Calories add up quickly. And if you want to lose weight, you have to burn more calories than you consume. It takes intentional time and vigorous effort to burn off 200 calories—let alone your coworker’s (600+ calorie) retirement cake. Believe it or not, the average working adult eats an additional 1,277 calories a week by snacking on accessible food at the office, according to 2017 United States Department of Agriculture (USDA) survey data. So it’s crucial for healthy living to snack smart, and we’ve got a list of some delicious choices under 200 calories.
From juicy apples to protein-packed Greek yogurt, our list of healthy options for snacks under 200 calories is filled with vitamins, nutrients and most importantly, deliciousness.
You can make the whole weight loss process easier for yourself by eating smarter with these versatile super snacks under 200 calories:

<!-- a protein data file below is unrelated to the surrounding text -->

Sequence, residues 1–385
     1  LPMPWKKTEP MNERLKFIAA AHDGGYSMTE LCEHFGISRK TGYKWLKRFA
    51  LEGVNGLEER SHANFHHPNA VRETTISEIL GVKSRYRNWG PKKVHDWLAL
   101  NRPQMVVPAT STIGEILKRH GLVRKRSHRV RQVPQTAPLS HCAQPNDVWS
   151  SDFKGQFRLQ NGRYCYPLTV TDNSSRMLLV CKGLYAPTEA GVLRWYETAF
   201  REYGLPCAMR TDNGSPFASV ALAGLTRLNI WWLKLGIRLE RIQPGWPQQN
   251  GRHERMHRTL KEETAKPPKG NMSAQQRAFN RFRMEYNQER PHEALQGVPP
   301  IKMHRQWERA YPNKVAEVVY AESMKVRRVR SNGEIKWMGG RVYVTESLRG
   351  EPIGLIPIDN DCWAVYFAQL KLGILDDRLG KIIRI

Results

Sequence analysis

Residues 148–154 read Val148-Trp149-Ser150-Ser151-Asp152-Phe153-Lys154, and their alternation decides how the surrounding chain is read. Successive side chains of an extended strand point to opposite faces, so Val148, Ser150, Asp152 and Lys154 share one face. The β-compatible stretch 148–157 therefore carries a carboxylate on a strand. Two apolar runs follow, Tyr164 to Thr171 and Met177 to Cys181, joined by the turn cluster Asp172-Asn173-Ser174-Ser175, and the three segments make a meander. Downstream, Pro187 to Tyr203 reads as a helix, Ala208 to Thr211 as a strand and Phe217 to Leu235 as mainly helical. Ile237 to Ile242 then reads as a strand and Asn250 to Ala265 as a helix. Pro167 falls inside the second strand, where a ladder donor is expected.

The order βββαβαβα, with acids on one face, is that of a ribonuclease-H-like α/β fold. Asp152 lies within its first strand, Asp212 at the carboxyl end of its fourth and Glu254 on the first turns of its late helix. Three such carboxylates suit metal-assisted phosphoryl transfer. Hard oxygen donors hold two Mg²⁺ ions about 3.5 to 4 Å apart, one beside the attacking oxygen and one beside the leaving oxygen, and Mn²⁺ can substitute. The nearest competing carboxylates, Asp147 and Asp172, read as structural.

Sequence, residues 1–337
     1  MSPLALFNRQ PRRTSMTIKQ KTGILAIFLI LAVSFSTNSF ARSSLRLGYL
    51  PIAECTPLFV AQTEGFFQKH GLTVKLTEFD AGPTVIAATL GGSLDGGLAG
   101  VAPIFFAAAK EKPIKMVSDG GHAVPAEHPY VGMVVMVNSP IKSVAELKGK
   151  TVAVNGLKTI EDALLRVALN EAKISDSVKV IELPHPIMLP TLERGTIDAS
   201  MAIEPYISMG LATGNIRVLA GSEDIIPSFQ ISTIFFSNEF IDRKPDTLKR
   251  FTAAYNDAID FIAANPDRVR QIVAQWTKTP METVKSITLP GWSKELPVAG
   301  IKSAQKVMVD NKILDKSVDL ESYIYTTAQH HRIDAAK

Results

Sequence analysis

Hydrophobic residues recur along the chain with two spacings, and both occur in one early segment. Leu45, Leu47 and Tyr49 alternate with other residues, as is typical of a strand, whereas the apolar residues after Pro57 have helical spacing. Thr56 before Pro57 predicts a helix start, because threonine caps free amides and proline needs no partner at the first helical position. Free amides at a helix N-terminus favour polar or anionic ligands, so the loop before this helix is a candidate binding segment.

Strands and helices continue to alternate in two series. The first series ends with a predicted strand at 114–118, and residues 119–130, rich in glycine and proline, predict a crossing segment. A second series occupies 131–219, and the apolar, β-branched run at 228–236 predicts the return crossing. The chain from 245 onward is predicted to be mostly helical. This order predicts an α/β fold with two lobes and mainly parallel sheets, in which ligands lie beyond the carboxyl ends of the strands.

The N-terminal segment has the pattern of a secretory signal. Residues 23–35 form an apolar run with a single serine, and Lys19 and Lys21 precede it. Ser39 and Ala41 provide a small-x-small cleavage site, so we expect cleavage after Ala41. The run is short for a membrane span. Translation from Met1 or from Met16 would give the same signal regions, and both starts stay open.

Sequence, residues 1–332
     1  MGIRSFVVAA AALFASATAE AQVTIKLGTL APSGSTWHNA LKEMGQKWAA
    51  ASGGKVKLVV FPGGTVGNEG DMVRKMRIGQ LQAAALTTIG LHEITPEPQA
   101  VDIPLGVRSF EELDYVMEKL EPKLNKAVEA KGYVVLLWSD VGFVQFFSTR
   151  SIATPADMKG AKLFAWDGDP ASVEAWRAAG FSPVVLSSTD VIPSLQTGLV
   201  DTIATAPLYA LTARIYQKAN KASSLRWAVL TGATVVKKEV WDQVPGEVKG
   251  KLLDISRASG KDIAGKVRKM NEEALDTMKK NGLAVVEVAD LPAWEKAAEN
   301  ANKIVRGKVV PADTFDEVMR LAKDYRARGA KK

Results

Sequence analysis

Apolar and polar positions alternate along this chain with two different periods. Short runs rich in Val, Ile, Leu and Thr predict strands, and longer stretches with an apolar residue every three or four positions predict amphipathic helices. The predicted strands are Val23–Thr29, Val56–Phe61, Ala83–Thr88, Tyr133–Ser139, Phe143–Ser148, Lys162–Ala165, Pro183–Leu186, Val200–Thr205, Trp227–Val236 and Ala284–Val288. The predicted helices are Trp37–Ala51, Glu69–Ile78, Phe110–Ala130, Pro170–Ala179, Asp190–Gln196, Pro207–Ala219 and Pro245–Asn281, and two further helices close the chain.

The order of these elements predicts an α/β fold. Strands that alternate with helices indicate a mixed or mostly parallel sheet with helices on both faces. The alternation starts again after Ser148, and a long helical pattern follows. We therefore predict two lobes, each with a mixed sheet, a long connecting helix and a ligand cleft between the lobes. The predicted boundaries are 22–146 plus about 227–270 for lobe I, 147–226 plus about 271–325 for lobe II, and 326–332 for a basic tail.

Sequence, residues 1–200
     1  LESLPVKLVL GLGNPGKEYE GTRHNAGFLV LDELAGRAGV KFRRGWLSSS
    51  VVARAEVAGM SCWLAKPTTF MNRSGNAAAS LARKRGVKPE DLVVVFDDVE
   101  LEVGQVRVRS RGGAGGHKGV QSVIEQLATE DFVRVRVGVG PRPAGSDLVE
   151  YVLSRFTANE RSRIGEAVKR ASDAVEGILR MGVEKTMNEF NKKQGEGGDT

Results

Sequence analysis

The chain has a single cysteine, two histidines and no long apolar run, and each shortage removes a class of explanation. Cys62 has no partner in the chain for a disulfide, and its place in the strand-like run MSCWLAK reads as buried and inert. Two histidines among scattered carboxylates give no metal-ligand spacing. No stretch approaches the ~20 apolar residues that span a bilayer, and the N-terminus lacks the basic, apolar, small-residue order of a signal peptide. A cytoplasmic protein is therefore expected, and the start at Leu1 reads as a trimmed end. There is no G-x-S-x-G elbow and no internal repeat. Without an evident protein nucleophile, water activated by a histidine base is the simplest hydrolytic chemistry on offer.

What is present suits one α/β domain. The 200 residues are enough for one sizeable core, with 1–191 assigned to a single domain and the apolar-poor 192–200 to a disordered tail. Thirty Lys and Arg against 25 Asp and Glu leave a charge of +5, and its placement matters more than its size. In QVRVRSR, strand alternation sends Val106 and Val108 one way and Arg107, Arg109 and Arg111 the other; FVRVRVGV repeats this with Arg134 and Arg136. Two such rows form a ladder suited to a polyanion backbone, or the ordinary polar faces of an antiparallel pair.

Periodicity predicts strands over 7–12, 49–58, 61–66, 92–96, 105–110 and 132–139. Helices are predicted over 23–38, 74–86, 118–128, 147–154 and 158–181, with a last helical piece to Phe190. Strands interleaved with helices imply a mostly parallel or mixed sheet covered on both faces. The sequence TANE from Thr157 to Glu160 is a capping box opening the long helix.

It might seem a little strange to count out 23 almonds, but 23 almonds equal one ounce, which is the serving size we recommend on The South Beach Diet. Clocking in at under 200 calories, almonds offer the heart-healthy benefits intrinsic to Healthy Fats and also provide six percent of your daily potassium, 14 percent of your dietary fiber, 7.7 percent of your daily calcium, 5.8 percent of your daily iron, plus six grams of protein. In a March 2005 Journal of the American Dietetic Association study, researchers found that almonds increase Vitamin E levels in plasma and red blood cells defending against damage and artery-clogging cholesterol. Another study published in 2015 by Gynecologic and Obstetric Investigation found women who ate peanuts, walnuts and almonds reduced their breast cancer risk by two to three times.